Crystal* is a 20 year old woman who had alleged that she had been sexually assaulted by an adult associate from the age of 13. The court appointed an intermediary to assess Crystal’s communication needs and to provide recommendations to ensure her evidence would be as complete, coherent and accurate as possible. As a young person with an intellectual disability and mental health issues, Crystal faced significant barriers in being able to communicate to the best of her ability in the court environment.

    An informal assessment took place near Crystal’s home and was conducted over two sessions to ensure she was comfortable with the intermediary. An assessment report was prepared which included a number of recommendations that were discussed at a ground rules hearing. The judicial officer accepted all the recommendations and subsequently made rules related to the length and timing of Crystal’s evidence, providing her with regular breaks, allowing her to cover her face and to turn away from the camera, and ensuring that questions were simply phrased. Provision was also made for Crystal to use visual communication aids including a visual timeline.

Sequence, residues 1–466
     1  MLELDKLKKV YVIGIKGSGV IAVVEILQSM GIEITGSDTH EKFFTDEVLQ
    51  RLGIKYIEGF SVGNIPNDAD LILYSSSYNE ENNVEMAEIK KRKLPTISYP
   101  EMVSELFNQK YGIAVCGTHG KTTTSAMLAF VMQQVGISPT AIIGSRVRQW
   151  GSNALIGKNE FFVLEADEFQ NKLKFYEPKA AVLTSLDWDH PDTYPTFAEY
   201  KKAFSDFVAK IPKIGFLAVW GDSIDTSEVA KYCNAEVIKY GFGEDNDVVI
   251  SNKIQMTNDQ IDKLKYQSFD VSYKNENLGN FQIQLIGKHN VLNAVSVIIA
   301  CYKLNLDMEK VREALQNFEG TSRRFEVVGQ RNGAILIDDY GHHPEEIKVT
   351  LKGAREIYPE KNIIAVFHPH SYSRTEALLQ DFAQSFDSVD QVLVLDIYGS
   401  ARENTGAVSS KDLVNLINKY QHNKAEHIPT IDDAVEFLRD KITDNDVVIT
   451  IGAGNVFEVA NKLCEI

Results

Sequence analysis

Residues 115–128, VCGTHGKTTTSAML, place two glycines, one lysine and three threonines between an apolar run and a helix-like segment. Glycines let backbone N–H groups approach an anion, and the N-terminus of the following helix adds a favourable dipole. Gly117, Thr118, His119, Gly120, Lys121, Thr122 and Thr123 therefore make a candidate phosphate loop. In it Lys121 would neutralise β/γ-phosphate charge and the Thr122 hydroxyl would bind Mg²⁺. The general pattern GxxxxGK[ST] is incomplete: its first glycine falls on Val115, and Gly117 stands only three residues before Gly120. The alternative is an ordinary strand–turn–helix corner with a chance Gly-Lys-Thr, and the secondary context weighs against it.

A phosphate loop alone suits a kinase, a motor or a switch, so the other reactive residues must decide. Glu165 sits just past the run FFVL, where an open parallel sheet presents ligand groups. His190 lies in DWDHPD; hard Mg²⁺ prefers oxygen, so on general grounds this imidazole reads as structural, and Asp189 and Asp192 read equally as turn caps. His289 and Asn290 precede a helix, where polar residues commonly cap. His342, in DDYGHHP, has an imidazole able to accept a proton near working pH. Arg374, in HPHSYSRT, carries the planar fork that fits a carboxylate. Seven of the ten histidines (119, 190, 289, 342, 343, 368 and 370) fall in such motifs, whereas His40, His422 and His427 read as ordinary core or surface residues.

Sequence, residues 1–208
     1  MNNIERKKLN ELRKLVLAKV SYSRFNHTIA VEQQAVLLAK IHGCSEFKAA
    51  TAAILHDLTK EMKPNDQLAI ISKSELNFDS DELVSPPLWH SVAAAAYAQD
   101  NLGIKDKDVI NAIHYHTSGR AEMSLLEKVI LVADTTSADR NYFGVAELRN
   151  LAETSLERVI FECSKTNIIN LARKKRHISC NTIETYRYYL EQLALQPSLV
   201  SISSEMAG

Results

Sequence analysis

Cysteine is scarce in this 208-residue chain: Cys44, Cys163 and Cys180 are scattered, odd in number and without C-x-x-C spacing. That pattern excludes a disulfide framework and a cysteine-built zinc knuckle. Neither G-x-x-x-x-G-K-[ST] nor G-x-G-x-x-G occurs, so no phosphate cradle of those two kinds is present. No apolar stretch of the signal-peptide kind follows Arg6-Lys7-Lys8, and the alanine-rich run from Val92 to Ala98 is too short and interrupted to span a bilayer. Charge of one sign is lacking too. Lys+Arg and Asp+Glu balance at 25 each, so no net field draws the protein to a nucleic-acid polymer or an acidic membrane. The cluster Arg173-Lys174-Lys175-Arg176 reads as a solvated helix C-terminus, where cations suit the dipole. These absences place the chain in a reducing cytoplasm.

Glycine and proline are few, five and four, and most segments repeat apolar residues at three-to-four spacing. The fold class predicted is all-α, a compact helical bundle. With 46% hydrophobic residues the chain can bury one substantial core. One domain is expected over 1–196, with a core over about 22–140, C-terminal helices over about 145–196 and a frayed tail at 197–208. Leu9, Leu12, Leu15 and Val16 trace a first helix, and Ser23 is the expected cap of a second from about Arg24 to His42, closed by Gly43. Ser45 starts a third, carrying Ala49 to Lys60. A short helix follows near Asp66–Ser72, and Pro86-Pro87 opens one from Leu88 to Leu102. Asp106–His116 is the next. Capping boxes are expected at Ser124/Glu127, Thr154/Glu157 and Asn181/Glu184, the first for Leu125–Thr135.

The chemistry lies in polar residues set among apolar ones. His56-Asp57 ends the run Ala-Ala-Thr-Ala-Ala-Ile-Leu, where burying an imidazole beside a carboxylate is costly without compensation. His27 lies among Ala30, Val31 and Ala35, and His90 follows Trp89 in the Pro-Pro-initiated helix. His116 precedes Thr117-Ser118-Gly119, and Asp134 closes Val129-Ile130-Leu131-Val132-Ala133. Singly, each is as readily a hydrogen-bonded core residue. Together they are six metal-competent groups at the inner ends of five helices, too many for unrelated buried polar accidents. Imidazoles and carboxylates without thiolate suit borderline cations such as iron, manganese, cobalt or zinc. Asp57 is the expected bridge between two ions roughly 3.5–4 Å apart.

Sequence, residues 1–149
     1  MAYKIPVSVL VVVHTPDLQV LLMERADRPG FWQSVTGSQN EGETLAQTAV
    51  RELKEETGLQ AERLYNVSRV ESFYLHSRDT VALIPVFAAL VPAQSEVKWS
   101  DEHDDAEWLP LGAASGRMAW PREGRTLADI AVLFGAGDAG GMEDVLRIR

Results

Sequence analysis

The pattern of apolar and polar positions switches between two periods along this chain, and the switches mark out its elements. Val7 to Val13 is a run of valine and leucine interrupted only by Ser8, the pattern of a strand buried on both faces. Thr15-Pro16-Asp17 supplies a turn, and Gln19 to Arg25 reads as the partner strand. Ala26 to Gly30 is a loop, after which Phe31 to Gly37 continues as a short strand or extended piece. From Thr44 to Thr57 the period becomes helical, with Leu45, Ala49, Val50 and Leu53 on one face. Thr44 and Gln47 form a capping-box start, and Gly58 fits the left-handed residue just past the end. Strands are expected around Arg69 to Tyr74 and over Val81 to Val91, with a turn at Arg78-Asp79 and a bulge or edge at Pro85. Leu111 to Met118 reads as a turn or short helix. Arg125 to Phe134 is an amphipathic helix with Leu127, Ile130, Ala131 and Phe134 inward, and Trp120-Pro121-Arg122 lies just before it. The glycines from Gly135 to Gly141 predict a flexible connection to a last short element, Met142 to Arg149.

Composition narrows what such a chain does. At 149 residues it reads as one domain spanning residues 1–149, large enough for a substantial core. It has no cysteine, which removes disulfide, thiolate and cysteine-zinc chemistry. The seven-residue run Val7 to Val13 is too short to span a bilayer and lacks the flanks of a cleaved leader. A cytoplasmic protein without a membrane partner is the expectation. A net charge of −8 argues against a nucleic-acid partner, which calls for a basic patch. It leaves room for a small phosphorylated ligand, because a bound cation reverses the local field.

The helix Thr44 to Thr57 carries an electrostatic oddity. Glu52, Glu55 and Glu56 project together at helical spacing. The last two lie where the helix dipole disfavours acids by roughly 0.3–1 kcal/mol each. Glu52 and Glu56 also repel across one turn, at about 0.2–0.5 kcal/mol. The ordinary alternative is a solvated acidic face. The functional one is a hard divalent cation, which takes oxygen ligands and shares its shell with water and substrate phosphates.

The intermediary recommendations ensured that Crystal was able to give clear and coherent evidence. She left the remote witness facility triumphantly exclaiming “I did it!”

    *the name has been changed to de-identify the person

    Dedicated Victims Services

    The Victorian Government is increasing the capacity of the Victims of Crime Helpline to support victims of crime by providing telephone support, assessments for referrals to the Victims Assistance Program and referrals to other services. An immediate response framework is being developed to assess how victim services respond to major critical incidents within the Victorian Government’s emergency management framework. Finally, improvements have been made to information communication technology capabilities for the victim service system to better monitor service demand and emerging client and service needs.

    The Victorian Government is bolstering the Child Witness Service, by recruiting new staff to meet rising demand from the increased number of hearings, and to provide specialised support and reduce trauma for victims and survivors and their families.

    Ms Fiona McCormack, former CEO of Domestic Violence Victoria, commenced in the role of Victims of Crime Commissioner in July 2019. The Commissioner received new powers in November 2019 that are aimed at strengthening compliance by criminal justice and victim service agencies with the Victims Charter Act 2006.